A rash vow of celibacy puts Valentine Michaels in the path of seduction.
Val is at a crossroads in his life. A college dropout, he’s gone as far as he can in his career as a cosmetologist, owning his own style salon. He no longer finds satisfaction in it, though he’s put years into proving to his bigoted parents that a college degree and the veneer of straightness aren’t the only roads to success. They’d turned their backs on him, and he proved he didn’t need them to make it.
His love life is no better than his working life. His relationships always start with a bang and fizzle into boredom, or worse, anger.
Adrian Grey has his own agenda for helping Val: he’s been in love with Val since they were freshmen. The intervening years of listening to Val’s gossip about his lovers and relationships have taught Adrian just what it was he did wrong all those years ago, and he thinks this time around he now knows exactly how to get—and keep—his man.
I enjoyed this book, but then again I’m a fan of every Lee Brazil book I’ve read. I was a bit confused by Adrian saying he wanted a D/s relationship and then saying he didn’t need it. Val was so confused by his own feelings, poor guy. I’m so glad he finally got it right in the end. Adrian was deeper than Val ever gave him credit for. Most would consider this a HEA, but I really wanted to see them together more. The other couple that was introduced, Phil and Ashe, I want their story.
9 – What’s the worst thing you’ve ever put in your mouth?
*wild eyes left and right* um… Boiled okra. Hands down. Awful. Slimy.
10 – What’s the name of your favorite Crayola crayon color?
Impatiently, Val flipped his powder-blue locks over his shoulder, tapping the little whisk broom against the counter where his supplies were arranged neatly. “Derek, you left me standing around at Paul’s for an hour, a place I totally hate by the way, without even a phone call to say you weren’t coming, and then I walk past you playing ball in the park with your friends on the way back here. I’m not overreacting!”
He ran a swift eye over his supplies. Scissors, combs, spray bottle with water, gel, mousse. Everything in order. While he prepared his workstation, he listened with half an ear to the deep voice on the other end of the phone, trying to explain or rationalize or whatever, but he wasn’t into hearing what Derek had to say. The guy was an immature jerk who put his own wants ahead of everything, even if it meant leaving Val standing in a group of young college kids he barely knew, in a bar he usually avoided like the plague. He’d gone to the party in the first place for Derek. Being stood up while doing something so selfless pissed him off. Just once in a relationship, Val wanted to find a guy who put him first, who loved him more than sports, friends, and all the other temptations the wicked world offered. “Just forget it, Derek. You don’t get it. It’s not just last night; it’s the whole last few months.”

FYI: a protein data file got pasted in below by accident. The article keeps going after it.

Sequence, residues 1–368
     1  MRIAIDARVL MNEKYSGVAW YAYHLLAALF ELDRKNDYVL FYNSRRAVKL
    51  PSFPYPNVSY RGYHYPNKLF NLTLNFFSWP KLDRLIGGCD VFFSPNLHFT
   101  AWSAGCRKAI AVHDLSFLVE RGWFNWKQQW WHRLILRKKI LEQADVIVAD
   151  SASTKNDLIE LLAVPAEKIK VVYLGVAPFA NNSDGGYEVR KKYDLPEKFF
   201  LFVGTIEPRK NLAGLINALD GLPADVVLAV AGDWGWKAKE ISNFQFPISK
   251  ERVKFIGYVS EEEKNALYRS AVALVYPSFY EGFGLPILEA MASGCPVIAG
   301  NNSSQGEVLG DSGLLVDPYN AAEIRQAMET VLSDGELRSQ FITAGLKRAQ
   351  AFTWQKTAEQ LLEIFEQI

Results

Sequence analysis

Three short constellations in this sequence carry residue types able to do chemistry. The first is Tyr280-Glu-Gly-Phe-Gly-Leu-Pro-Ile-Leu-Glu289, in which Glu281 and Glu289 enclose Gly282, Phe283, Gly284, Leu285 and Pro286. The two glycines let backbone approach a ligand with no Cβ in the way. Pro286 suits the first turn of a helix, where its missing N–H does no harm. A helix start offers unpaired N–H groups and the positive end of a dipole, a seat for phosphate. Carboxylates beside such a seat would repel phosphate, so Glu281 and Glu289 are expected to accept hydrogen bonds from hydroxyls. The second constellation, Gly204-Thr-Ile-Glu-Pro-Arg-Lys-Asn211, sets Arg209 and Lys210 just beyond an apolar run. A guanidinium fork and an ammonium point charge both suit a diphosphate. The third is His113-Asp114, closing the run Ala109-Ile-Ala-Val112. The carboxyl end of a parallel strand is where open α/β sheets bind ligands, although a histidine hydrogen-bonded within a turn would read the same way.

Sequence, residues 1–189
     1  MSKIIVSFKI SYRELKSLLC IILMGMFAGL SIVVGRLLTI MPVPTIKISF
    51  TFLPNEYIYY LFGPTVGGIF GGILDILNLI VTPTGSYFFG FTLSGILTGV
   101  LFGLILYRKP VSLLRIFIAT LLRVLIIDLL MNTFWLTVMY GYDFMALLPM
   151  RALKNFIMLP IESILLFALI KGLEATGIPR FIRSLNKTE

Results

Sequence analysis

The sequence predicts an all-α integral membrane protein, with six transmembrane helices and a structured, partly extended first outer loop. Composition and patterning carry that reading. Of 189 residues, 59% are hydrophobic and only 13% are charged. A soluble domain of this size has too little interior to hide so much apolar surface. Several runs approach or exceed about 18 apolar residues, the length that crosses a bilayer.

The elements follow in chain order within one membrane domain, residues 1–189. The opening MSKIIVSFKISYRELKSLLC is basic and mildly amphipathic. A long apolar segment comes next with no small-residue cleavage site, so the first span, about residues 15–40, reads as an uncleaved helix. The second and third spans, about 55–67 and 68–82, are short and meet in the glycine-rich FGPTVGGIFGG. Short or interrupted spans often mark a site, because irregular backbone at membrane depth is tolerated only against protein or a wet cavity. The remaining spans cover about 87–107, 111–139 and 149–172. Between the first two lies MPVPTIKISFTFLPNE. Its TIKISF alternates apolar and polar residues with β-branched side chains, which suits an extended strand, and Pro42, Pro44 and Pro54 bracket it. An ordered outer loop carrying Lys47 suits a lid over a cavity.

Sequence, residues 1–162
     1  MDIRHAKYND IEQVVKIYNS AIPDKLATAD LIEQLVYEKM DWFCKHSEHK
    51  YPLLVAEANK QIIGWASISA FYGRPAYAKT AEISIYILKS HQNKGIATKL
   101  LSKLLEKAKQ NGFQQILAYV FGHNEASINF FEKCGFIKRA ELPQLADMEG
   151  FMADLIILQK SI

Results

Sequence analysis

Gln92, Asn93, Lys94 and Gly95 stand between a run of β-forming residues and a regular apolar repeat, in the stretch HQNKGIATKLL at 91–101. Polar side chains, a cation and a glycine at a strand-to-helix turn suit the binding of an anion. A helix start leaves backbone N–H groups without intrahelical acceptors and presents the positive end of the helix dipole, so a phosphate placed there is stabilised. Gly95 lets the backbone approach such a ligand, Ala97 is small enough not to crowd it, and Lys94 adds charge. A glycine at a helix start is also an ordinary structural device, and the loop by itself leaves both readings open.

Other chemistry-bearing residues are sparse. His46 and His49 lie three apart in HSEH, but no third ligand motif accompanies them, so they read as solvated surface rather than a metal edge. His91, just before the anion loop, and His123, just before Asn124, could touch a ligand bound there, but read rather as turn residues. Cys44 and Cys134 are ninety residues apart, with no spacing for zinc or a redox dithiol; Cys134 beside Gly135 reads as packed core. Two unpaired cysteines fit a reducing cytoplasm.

More rumbling and babbling in his ear. He ran a dust cloth over the client’s chair and then adjusted its height. Prepping his station at the salon was second nature and required little of his attention. Kind of like listening to Derek. Why the fuck do I listen to this shit? Derek had all the emotional understanding of a two-ton truck. Cute as hell, but clueless about what would melt Val’s heart. In fact, Derek might accurately be called dense altogether. A little consideration, a romantic gesture or two, would go a long way. Hell, an apology instead of an excuse would probably have gotten him a second chance even this morning. Eh. Who are you kidding? Derek is a symptom, not the illness itself. “Fuck off, Derek. It’s over. Do me a favor and lose my number, okay?”
Flipping the phone shut, he shoved it into the pocket of his smock and busied himself cleaning up his workspace. A quick spray of glass cleaner to the mirror, a swipe or two with a rag, and he was done. Done with Derek, done with men, done with romance and love and sex, and fuck it all. He could be celibate. Masturbation didn’t count as sex, did it? He’d need something if he wasn’t getting any.
Somewhere in a small town in up-state New York are a librarian and a second grade teacher to whom I owe my life. That might be a touch dramatic, but it’s nevertheless one hundred percent true.
Because they taught me the joy of reading, of escaping into worlds crafted of words.
Have you ever been nine years old and sure of nothing so much as that you don’t belong? Looked at the world from behind glasses, and wondered why you don’t fit?
Someone hands you a book, and then you turn the page and see… There you are, running from Injun Joe in a dark graveyard; there you are fencing with Athos; there you are…beneath the deep blue sea- marveling at exotic creatures with Captain Nemo.
I found myself between the pages of books, and that is why I write now. It’s why I taught English and literature for so many years, and it’s why my house contains more pounds of books than furniture.
If I’d had my way, I’d have been a fencer…or a starship captain, or a lawyer, or a detective solving crimes. But instead, I am a writer, and I’ve come to realize that’s the best thing in the world to be, because as a writer, I can be all those things and more.
If I hadn’t learned to value the stories between the pages, who knows what would have happened? Certainly not college…teaching…or writing.
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